My lamp is bottom right in the pic as I write this.
As if shopping for friends and relatives over the holidays wasn’t stress enough. Then there’s deciding who in your life should get a holiday tip. You didn’t know tipping extra over the holidays was customary?
I didn’t know you were supposed to tip for service even if you thought it was lousy, but that’s a debate for another day.
Who you tip and how much boils down to three things: how often you receive the service, how much you can afford and etiquette. So let’s start with etiquette. It IS considered proper to tip people who give you services, such as hair dressers or personal trainers. It’s NOT considered in good taste to offer cash to any government worker or teacher — although I tried while in school and it didn’t work.
But small gifts, food, or gift cards will always work if you’re not sure gifting your local police officer, politician or judge with cash is the best plan. For the record it isn’t a good plan.
Here’s a list if people and suggested tips from the Emily Post Institute. If you go to their website they will actually tell you how much you should give each of these people this holiday season. I’m glad I don’t have most of these people in my life, otherwise all I would have left for my own family would be a couple of coloured rocks, a Christmas orange and a broken candy cane:
After all they’re taking care of your most precious giftyour kids.
especially if they do that pile of dishes while I’m out.
And tip the pal who referred you to a place that actually had a spot.
Home health employees
Especially if they "talk you up" in front of Grandma.
Housekeeper or Cleaner
For keeping the secret of how dirty things truly are.
I’m a sheep dog that comes in oncs every quarter. I owe him.
Beauty salon staff
They listen to your "bla bla bla" and smile. Pay ‘em.
Just tip him/her with your junk food money. It’s a win-win.
Don’t do this in any other country but Canada. Trust me.
This is one Ruff job.
Tip big for doing only the repairs you ACTUALLY need.
Newspaper delivery person
Unless your name is Glen Parker. Then you get a coffee.
Tipped last year, still bringing bills. Not gonna tip this year.
I’ve seen Desperate Housewives on TV. Don’t let your wife give the tip.
Bottom line — Tipping is a way to thank the people who take care of you all year round. But you know, you should never feel bad if you can’t afford a tip. You should feel bad, though, if you don’t at least say "Thank you" or maybe make a nice note.
Here’s who’s tipping in your neighbourhood:
Elise Polding: As attendants out in the cold, & anyone who is genuinely friendly & helpful.
Brenda Myran: Me too, gas attendants, and accepting and helpful people.
Natasha Marshall: I tip my hair and nail girls, I tip waiters, cab drivers, bartenders and babysitters. I am not an all the time tipper. I tip when it’s earned and I tip very well, usually $10.00+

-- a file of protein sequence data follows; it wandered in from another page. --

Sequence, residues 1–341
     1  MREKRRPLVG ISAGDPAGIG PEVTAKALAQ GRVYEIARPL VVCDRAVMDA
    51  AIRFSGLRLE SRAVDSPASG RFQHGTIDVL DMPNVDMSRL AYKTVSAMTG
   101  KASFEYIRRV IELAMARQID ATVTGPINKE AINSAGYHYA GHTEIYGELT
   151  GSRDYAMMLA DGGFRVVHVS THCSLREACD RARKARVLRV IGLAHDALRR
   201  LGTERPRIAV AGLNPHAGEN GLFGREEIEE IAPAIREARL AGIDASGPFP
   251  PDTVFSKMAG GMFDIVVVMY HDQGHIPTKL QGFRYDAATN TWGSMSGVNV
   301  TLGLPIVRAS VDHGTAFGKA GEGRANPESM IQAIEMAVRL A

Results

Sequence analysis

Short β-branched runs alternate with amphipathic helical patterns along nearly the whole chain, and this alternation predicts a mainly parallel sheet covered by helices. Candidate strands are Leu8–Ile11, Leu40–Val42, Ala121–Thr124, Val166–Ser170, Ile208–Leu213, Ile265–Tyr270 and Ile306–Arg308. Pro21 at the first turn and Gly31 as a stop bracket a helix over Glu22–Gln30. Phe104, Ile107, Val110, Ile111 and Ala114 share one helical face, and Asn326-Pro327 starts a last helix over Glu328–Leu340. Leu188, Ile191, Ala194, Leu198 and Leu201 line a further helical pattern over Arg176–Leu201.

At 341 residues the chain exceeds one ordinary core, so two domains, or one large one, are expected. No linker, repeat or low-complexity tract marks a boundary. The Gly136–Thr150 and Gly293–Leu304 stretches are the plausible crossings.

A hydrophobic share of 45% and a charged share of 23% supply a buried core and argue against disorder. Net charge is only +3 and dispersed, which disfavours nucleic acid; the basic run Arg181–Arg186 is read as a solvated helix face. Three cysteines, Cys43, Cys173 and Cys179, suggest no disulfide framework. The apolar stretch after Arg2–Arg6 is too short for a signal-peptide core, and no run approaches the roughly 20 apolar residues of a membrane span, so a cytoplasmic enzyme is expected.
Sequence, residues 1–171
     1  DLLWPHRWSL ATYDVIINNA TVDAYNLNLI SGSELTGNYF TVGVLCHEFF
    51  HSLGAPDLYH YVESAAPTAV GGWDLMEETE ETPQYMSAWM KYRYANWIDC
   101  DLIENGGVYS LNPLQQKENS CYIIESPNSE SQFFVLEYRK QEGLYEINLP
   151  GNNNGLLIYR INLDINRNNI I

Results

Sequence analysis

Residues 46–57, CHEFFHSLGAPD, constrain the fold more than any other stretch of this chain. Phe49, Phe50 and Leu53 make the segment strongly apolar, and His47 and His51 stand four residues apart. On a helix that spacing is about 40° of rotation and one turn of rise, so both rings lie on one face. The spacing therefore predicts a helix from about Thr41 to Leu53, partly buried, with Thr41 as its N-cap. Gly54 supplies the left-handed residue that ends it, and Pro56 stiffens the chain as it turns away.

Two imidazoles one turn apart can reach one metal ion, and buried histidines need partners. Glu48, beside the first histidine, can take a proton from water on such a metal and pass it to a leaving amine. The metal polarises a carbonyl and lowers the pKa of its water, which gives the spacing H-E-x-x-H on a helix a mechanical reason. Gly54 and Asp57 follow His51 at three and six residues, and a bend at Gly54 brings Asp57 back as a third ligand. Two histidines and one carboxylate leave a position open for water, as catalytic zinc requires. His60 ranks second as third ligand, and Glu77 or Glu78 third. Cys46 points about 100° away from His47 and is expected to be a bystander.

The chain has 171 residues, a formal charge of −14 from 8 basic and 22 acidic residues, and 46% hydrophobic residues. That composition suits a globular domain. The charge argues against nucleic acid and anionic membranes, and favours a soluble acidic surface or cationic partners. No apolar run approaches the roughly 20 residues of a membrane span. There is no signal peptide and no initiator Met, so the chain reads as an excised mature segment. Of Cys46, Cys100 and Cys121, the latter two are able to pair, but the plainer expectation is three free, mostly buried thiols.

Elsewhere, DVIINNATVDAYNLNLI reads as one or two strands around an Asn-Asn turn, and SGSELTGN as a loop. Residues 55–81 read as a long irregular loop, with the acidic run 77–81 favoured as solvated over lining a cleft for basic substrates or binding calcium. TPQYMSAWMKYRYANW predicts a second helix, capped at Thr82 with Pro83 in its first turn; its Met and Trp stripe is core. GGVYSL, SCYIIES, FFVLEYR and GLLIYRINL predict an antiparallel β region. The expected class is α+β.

Kara Lang: My hairstylist and RMT get 15% tip at every visit (every 4-6 weeks) so they actually get a gift from me. When my mail got delivered to my door, I would gift the postman a travel mug with a selection of hot chocolates.
Kim Breneman: I tip everyone who offers service and gift those who usually don’t receive tips like teachers and co-workers - who I don’t tip are places where it’s self service (isn’t it me doing the work after all?)
Jillian Vanderheiden: I tip gas attendants, massage therapists, servers, bar tenders, hair stylists, dog groomers, kennel attendants, babysitters, taxi drivers... short term direct customer service people (even some cashiers, but it’s more sporadic). I gift to teachers, school bus drivers, daycare workers, home care workers, nurses... those long term direct care people.
WOW Jullian. I gotta work my way into your service group somehow.
Here’s a real tip for you! Now that daylight savings is over and sunlight is hard to come by, some people get depressed. I am one of them, and thankfully, there are products out there that claim to help with Seasonal Affective Disorder, or … SAD. One of them is my Phillips golite sun lamp. It lights up a bright blue to emulate natural sunlight so you feel "energized and invigorated."
I’d rather be on a beach somewhere with a mojito and hot sand, but I have to tell you my sun lamp this time of year is my best friend. I find I have to reach for it at the end of November/start of December as the sun slides behind the horizon for its final three weeks of decent before the days start to slowly get longer again — yes I keep track of these things.
I got the lamp as a Christmas gift a couple years ago and LOVE IT.
So if you have someone complaining about winter 24/7 it may not be just the cold. Consider getting them a sun lamp for Christmas. Before I start the radio show each morning, I’m baking for 30 minutes while my office temperature is up around 100. It’s what puts me in a good mood before I can help others start their day of darkness!
Now if my boss would just let me crank some Spanish music and allow me a margarita maker I’d be set.
Tanya Dawn Wieler
Republished from the Brandon Sun print edition December 7, 2013